Ups And Downs

It seems like the general ESL market in South Korea has definitely tightened over the past five years, probably with notable public school (Seoul, Incheon, Daejeon) districts tightening the belt.  I wonder if this is a permanent thing, or just a golden opportunity for more hagwon to open up and pick up the slack.

Totally a personal anecdote, but even here in sleepy suburban Daegu I get tons of offers to do privates.  My sense is that this neighborhood’s market could stand to bear a few more hagwon.

Then again, I’m about the last person you’d ever want to ask for business advice.  Just an observation.

This entry was posted in Daegu, Education, English, ESL, Korea, Teaching. Bookmark the permalink.

One Response to Ups And Downs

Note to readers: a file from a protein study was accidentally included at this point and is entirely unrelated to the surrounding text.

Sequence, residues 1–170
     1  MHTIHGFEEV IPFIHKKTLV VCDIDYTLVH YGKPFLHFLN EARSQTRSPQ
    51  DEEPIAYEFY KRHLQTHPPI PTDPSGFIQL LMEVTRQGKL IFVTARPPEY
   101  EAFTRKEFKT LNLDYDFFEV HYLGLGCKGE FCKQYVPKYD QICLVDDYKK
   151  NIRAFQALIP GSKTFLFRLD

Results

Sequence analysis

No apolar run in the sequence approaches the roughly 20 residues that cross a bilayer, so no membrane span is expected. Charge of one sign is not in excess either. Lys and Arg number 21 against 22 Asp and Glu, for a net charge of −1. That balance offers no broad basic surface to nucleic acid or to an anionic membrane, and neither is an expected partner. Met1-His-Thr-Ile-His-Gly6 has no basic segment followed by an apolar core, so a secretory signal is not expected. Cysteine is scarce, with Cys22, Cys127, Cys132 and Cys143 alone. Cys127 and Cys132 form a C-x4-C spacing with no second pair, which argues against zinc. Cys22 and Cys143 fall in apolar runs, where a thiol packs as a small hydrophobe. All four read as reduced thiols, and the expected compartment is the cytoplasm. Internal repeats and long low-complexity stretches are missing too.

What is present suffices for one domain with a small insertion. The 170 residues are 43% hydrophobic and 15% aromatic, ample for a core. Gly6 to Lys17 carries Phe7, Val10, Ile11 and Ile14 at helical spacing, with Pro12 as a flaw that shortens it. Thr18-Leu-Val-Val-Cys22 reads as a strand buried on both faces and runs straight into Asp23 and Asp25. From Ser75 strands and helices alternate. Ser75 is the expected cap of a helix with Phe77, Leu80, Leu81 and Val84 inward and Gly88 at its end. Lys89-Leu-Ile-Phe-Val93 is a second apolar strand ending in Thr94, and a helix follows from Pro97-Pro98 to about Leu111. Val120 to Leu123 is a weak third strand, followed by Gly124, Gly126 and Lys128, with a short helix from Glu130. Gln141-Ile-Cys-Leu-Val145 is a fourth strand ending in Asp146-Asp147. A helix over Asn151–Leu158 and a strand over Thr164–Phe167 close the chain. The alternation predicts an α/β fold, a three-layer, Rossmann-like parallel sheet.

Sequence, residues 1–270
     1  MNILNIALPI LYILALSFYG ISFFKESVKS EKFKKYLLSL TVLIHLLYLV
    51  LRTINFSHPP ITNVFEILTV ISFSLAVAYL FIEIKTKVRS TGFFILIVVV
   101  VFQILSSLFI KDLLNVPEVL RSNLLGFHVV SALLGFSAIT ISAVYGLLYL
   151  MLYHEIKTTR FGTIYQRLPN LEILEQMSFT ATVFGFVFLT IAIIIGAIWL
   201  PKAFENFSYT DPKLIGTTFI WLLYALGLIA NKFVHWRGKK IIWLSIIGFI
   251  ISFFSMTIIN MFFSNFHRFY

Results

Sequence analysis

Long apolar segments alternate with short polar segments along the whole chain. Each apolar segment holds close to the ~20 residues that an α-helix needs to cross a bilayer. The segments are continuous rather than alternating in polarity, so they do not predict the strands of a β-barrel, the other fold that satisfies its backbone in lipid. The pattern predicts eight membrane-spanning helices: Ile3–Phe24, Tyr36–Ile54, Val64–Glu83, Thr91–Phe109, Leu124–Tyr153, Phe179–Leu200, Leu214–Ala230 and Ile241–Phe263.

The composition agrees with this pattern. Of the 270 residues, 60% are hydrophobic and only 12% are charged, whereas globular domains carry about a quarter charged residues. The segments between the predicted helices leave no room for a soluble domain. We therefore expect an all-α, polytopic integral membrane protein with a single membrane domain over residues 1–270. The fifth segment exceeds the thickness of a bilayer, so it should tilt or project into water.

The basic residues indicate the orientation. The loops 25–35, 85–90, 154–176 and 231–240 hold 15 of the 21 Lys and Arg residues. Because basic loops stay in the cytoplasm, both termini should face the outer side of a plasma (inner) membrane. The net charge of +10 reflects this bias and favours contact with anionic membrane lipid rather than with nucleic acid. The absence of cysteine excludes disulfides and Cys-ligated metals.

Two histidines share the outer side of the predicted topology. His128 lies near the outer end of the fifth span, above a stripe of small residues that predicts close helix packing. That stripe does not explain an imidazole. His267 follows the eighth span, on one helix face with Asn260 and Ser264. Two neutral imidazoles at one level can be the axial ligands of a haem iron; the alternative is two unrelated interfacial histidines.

1. I teach in Andong, and have taught for the past for years. I teach at a hakwon, but I have lots of friends in the EPIK program. I was talking with a few of them and Korea is going to change how they teach English over the next few years, I think. They’ll have foreign teachers in the public elementary schools but not middle or high schools (which I think is a terrible idea). The limited availability for ESL jobs in Korean schools will drive the market for the hakwons (which, in my opinion are a sinking ship). It’s interesting to think how Korea spends more money on English education than other Asian countries, but there are much fewer English speakers in the nation as a whole. Japan’s not much better than Korea. It’s quite embarrassing, really.

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